Many legal professionals and advocates see this situation as a civil rights issue, believing that the ability to pay should not prohibit people from receiving competent legal representation in any capacity. To make such representation more accessible, advocates are fighting to make it permissible for trained non-lawyers to perform specific tasks previously restricted to attorneys. In one example from North Carolina, paralegals and the Justice For All Project have sued the state’s attorney general over rules that prevent non-lawyers from giving legal advice, which the paralegals argue is a violation of their First Amendment rights. This challenge is part of a broader movement that aims to make legal services more accessible to everyone by closing the “access to justice gap” for those who earn too much to qualify for legal aid but cannot afford an attorney.

Given the current state of the economy and the cultural focus on social justice, it’s likely that more organizations will fight to allow more accessible legal services. Should non-lawyers soon be granted the capacity to expand their services, now would be the perfect time to start the process of transitioning into a paralegal career.

Job Outlook for Paralegals

According to the U.S. Department of Labor, the job outlook for paralegals is projected to grow at a faster-than-average rate of 4 percent from 2022 to 2032. It is estimated that there will be around 38,000 annual openings for paralegals and legal assistants from 2022 to 2032.

Skills for paralegals that are expected to increase in demand over the next two years include*:

  • Legal depositions
  • Legal discovery
  • Legal pleadings
  • Lawsuits
  • *Source:

Job Duties of a Paralegal

Paralegals have varied responsibilities and can work as generalists or specialists. Their main accountabilities and assignments include:

Document Indexing and Database Maintenance

Whether employed by a law firm, corporate office, or public service agency, paralegals are responsible for creating and maintaining numerous documents, files, spreadsheets, and PowerPoint presentations. They must also ensure these materials are well organized and easily accessible. In light of these duties, attention to detail is an essential skill for paralegals.

Legal Research

Every legal dispute involves questions of fact and questions of law, and paralegals must be adept at researching both. Answering questions of fact involves processes similar to journalistic research, such as combing through library archives, searching the internet, and interviewing relevant parties. Answering questions of law requires a more specialized skill set that incorporates knowledge of statutory, regulatory, and case law. Today, the majority of this research is performed using specialized legal search engines such as Westlaw Next and Lexis.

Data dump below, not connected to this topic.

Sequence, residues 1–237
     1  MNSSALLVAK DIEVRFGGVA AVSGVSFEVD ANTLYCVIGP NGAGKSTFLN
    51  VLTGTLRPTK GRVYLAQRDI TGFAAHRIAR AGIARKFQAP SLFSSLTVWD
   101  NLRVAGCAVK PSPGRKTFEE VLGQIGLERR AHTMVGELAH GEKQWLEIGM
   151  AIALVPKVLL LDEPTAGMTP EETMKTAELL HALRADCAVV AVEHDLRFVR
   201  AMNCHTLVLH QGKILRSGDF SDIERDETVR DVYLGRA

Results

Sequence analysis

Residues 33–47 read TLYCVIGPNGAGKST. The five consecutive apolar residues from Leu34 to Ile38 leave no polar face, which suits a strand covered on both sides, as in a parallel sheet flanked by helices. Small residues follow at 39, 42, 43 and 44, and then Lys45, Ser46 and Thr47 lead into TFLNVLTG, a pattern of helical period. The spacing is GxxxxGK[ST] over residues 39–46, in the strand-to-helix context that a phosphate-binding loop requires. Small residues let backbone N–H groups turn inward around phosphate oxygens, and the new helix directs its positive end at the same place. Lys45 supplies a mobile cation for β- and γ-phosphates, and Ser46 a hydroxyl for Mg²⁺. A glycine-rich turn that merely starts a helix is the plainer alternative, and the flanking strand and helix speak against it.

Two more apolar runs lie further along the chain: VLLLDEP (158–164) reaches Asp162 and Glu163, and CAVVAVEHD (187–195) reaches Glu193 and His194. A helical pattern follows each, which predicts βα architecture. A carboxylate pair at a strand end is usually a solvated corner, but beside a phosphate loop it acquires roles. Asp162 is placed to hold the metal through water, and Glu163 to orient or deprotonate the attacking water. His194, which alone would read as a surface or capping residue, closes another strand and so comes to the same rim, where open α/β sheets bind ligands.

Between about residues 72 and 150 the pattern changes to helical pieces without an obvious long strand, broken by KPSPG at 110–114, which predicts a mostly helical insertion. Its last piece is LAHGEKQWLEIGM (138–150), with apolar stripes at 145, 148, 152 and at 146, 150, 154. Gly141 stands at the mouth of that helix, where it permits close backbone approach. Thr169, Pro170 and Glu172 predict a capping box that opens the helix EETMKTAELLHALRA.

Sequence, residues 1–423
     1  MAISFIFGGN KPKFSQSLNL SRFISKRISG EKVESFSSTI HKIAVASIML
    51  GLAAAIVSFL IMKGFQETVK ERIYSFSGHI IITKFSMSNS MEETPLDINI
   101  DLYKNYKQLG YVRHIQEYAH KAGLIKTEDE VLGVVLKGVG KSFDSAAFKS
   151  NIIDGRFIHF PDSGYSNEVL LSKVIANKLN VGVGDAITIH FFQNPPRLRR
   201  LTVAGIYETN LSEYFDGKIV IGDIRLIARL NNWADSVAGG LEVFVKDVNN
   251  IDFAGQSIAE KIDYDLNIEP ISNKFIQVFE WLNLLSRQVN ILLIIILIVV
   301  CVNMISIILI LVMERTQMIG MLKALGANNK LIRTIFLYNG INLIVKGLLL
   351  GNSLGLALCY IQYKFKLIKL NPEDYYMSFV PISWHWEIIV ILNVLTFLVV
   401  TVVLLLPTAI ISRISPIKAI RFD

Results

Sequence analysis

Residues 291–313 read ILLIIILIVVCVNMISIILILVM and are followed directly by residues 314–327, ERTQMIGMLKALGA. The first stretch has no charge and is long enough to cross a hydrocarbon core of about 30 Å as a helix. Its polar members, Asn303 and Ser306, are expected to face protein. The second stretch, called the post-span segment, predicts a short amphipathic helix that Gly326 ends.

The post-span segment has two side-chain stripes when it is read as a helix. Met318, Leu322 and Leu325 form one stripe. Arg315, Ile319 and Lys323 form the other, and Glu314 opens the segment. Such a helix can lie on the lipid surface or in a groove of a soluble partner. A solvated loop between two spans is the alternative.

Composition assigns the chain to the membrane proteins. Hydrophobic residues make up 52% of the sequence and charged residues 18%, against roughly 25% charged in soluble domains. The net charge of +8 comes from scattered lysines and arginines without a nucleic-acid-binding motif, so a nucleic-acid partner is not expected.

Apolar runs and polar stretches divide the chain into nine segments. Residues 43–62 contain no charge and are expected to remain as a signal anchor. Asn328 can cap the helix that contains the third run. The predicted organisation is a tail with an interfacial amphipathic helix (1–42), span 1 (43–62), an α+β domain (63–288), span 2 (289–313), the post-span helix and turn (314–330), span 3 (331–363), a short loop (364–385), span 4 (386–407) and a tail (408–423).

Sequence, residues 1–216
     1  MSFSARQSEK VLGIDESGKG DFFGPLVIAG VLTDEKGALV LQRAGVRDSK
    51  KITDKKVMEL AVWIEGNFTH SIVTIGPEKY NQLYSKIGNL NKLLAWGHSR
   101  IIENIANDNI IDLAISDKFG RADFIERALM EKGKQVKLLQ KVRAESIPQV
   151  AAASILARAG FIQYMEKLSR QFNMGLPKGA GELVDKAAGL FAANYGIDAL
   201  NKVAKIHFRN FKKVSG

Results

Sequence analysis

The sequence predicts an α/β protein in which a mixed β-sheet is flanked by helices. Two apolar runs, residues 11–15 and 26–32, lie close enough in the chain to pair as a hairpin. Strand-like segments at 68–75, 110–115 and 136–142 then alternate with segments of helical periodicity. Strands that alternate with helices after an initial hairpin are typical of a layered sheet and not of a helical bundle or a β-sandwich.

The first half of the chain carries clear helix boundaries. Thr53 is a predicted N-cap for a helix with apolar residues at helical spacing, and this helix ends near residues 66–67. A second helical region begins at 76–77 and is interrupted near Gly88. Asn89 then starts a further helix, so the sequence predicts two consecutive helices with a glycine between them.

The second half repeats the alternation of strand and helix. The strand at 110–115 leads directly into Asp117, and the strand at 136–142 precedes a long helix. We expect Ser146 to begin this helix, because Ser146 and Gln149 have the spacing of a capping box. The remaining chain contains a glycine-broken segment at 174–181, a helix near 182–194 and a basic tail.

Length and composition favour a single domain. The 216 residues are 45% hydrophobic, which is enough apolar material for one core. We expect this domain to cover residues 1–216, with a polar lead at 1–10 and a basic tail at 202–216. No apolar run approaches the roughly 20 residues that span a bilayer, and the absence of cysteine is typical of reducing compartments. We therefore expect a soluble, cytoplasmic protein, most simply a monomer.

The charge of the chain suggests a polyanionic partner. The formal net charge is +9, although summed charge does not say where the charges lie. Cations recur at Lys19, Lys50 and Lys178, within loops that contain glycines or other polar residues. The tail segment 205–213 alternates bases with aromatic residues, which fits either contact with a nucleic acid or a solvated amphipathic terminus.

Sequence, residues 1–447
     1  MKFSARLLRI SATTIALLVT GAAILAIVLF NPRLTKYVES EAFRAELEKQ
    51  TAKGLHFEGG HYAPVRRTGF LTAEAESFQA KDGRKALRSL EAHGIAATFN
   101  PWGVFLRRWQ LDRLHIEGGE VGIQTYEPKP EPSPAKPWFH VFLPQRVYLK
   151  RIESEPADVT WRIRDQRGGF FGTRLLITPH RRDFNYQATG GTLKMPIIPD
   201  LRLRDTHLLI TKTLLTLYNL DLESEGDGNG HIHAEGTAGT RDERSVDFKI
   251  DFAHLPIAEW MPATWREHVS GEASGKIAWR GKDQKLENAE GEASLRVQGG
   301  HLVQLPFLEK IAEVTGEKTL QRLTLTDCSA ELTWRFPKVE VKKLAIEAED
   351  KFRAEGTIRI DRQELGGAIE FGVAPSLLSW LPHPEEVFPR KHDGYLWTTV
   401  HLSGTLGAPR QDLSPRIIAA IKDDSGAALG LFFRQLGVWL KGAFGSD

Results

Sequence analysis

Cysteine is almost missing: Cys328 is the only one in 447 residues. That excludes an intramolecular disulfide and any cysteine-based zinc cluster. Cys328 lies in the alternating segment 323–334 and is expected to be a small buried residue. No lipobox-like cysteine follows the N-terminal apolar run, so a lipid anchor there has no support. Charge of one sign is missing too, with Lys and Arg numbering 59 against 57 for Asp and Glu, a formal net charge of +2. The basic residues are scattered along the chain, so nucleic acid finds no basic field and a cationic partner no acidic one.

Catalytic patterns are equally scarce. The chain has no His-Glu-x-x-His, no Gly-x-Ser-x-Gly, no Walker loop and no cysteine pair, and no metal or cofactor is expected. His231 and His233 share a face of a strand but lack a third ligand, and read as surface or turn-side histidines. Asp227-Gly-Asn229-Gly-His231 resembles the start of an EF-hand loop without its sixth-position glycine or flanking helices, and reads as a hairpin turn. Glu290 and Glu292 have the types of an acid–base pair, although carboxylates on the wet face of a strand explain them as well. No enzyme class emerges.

Legal Writing

Paralegals frequently write detailed reports or memorandums for their supervising attorneys, most commonly using the IRAC (Issue, Rule, Application, Conclusion) style of legal writing. Aspiring paralegals should understand how to synthesize the various facts of a case with related laws.

Preparation of Legal Documents

Paralegal employment can be broken down into two basic categories: litigation and transactional support. On the litigation side of the law, paralegals assist in legal disputes. They draft documents that may include complaints, interrogatories, and various dispositive motions.

On the transactional side, paralegals prepare legal documents that support collaborative processes in business, such as real estate purchases or company mergers. In real estate, they might draft forms such as offers to purchase, purchase and sale agreements, and closing disclosures. In business law, they may contribute to the due diligence process or help prepare employment contracts. In family and probate law firms, they might oversee the establishment of powers of attorney and health care proxies or handle documents related to trusts.

Paralegal Specializations

Paralegals are beneficial in every field of law. From conducting interviews for child custody disputes to researching the history of a piece of intellectual property, their support is vital to attorneys and clients in any area. Five common settings for paralegals include:

  • Business and corporations
  • Family law practices
  • Immigration services
  • Intellectual property law
  • Real estate

Boost Your Paralegal Career Prospects

As you build the skills needed for a paralegal career, finding internships can give you an advantage over your professional competition. They’re a great way to get professional experience under the supervision of an established attorney, paralegal, or paralegal manager. You can find internships in private law firms, government agencies, nonprofits, and for-profit institutions alike. To find internship opportunities, consider reaching out directly to law firms or legal departments of organizations. You might also check online job boards specializing in legal positions or network with professionals in the legal field through events, conferences, or professional associations.

Take the Next Step in Your Law Career with Boston University’s Online Paralegal Studies Certificate Program

BU’s flexible online Paralegal Studies Certificate program gives students access to hands-on training from legal experts at a university renowned for academic excellence. Whether students have prior experience or are transitioning into the field, the program’s instructors and curriculum provide learners with distinct benefits and the professional know-how that today’s employers seek.

College Choice ranked our program as one of the Top 10 online paralegal certificate programs in the United States, and Value Colleges ranks it as a Top-5 program for its focus on professional development and academic excellence.

Request a Brochure

To learn more about the online Paralegal Studies Program, contact an Enrollment Advisor at (888) 700-3966 or fill out the form below to download a free brochure.